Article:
Kiss those Math Headaches GOODBYE!

Archive for the ‘Algebra Mistakes’ Category

Algebra Mistake #5: Combining a Positive and a Negative Number


So, you’d think that combining a positive number and a negative number would be a fairly straightforward thing, huh?

Well, unfortunately, a lot of students think it’s easy. They think it’s too easy. They think there’s one simple rule that guides them to the very same kind of answer every time. And that’s exactly where they get into trouble.

The truth is that combining a positive and a negative number is a fairly complicated operation, and the sign of the answer is dependent on a nmber of factors.

This video reveals a common mistake students make when tackling these problems. it also shows the correct way to approach these problems, using the analogy of having money and owing money to make everything make sense.

So take a look and see if this explanation doesn’t end the confusion once and for all.

And don’t forget: there are practice problems at the end of the video. Do those to make sure you’ve grasped the concept.

 

 

 

 

 

 

 

 

 

 

 

 

 

 

Advertisements

Algebra Mistake #4: Combining Negative Numbers


Here’s a common mistake, and a very understandable one, too. Students need to combine two negative numbers, and they, of course, wind up with an answer that’s positive. Why? Because, they’ll say — pointing out that you yourself have told them this —  “Two negatives make a positive!”

This video gets to the root of this common misunderstanding by helping students understand exactly when two negatives make a positive, and when they don’t.

 

Make sure you watch the whole video, as there are practice problems at the end, along with their answers.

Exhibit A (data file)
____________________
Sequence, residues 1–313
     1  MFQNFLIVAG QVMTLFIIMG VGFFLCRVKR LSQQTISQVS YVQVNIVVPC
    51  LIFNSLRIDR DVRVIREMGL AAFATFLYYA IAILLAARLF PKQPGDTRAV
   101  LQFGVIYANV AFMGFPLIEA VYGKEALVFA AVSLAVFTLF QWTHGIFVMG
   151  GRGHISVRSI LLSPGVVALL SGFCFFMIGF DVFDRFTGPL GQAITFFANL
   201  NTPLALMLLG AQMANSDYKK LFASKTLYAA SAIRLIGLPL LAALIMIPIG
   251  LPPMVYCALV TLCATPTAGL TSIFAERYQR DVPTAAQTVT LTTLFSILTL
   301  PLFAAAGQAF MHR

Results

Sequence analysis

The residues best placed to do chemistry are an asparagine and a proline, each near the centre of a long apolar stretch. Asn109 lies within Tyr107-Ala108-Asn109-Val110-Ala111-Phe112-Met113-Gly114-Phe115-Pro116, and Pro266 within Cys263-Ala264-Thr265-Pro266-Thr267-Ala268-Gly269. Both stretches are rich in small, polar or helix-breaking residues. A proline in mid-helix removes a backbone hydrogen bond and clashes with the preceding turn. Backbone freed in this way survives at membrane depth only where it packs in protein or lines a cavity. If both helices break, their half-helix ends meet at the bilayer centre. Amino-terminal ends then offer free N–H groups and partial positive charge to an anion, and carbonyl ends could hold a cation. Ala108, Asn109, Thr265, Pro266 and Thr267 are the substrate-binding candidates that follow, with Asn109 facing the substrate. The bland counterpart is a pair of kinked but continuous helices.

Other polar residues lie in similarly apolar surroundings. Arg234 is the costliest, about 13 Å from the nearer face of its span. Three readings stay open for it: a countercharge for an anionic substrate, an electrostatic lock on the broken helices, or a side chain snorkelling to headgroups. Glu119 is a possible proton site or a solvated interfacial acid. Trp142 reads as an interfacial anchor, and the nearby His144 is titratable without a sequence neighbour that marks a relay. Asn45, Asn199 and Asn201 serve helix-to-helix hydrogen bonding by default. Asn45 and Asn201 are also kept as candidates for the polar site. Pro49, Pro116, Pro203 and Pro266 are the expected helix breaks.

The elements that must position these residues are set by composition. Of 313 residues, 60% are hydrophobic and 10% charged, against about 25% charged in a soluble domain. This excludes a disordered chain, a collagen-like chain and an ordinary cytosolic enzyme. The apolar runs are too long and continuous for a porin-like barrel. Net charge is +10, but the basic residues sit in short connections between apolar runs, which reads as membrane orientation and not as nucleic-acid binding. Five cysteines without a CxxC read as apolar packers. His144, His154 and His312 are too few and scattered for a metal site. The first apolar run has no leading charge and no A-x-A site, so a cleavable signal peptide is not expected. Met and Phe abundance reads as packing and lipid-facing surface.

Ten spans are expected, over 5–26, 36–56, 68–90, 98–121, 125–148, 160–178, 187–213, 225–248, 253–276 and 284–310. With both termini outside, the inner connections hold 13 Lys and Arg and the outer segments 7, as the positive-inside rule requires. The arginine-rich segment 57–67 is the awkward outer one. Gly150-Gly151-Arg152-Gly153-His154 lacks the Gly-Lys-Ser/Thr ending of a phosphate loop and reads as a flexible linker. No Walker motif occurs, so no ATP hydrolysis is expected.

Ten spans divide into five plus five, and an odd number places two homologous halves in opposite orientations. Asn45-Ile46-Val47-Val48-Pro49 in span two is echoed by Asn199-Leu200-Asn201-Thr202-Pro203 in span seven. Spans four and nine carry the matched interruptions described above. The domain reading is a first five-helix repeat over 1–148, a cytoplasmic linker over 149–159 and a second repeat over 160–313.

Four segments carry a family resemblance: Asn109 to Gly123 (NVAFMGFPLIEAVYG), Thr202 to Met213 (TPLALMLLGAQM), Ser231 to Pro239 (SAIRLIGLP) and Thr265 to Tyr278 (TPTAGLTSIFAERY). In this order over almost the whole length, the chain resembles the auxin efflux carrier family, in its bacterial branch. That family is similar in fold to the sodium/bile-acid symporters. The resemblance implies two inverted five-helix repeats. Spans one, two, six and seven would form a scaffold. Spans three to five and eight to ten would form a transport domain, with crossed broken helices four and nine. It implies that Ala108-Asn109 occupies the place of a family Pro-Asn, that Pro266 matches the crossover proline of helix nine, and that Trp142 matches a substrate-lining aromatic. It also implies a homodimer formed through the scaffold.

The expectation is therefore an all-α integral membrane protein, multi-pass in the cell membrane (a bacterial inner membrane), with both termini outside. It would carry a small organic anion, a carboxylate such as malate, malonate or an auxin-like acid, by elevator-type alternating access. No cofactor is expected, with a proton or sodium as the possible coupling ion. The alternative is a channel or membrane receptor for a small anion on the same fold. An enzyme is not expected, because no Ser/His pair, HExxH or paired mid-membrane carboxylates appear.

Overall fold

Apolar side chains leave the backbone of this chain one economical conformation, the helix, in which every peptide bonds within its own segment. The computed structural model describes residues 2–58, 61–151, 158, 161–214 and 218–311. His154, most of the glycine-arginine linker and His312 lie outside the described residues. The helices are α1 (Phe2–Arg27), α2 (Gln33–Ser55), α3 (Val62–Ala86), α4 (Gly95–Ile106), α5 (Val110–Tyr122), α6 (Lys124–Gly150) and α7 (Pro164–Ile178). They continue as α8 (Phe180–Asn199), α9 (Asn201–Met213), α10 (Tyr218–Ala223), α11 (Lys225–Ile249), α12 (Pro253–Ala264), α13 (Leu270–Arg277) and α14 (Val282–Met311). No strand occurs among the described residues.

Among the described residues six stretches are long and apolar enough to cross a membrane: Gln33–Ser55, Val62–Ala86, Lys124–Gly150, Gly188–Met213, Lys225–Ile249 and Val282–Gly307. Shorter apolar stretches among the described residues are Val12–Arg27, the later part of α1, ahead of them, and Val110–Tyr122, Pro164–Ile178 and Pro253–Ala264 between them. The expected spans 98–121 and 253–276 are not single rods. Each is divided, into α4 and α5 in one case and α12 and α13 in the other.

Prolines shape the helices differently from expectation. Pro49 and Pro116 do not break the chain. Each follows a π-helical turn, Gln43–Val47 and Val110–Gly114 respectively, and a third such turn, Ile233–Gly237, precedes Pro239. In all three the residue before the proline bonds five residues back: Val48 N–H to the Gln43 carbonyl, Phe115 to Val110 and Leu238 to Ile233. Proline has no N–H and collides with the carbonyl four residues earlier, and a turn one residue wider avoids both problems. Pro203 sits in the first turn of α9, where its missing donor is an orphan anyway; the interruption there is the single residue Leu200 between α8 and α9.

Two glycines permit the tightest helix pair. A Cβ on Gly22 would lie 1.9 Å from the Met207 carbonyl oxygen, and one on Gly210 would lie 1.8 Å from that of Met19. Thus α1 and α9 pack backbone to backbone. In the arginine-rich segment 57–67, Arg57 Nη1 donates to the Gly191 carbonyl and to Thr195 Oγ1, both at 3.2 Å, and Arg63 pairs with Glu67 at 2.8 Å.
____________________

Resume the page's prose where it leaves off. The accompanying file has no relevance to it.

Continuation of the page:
“Algebra Survival” Program, v. 2.0, has just arrived!


The Second Edition of both the Algebra Survival Guide and its companion Workbook are officially here!

Check out this video for a full run-down on the new books, and see how — for a limited time — you can get them for a great discount at the Singing Turtle website.

 

Here’s the PDF with sample pages from the books: SAMPLER ASG2, ASW2.

And here’s the website where you can check out the books more fully and purchase the books.

 

 

 

 

 

 

 

“Unpacking” Terms from Parentheses


How do you get math terms out of parentheses? And what happens to those terms when you remove the parentheses?

It seems like the process should be simple. But this issue often plagues students; they keep getting points off on tests, quizzes, homework assignments.  What’s the deal?

The deal is that there’s a specific process you need to follow when taking terms out of parentheses, and what you do hinges on whether there’s a positive sign (+) or a negative sign (–) in front of the parentheses.

But not to worry. This video on this page settles the question once and for all. Not only that, but the video provides a story-based approach that you can teach (if you’re an instructor) or learn (if you’re a student) and remember (no matter who you are). Why? Because stories are FUN and MEMORABLE.

So kick back and relax (yes, it’s math, but you have a right to relax) and let the video show you how this process is done.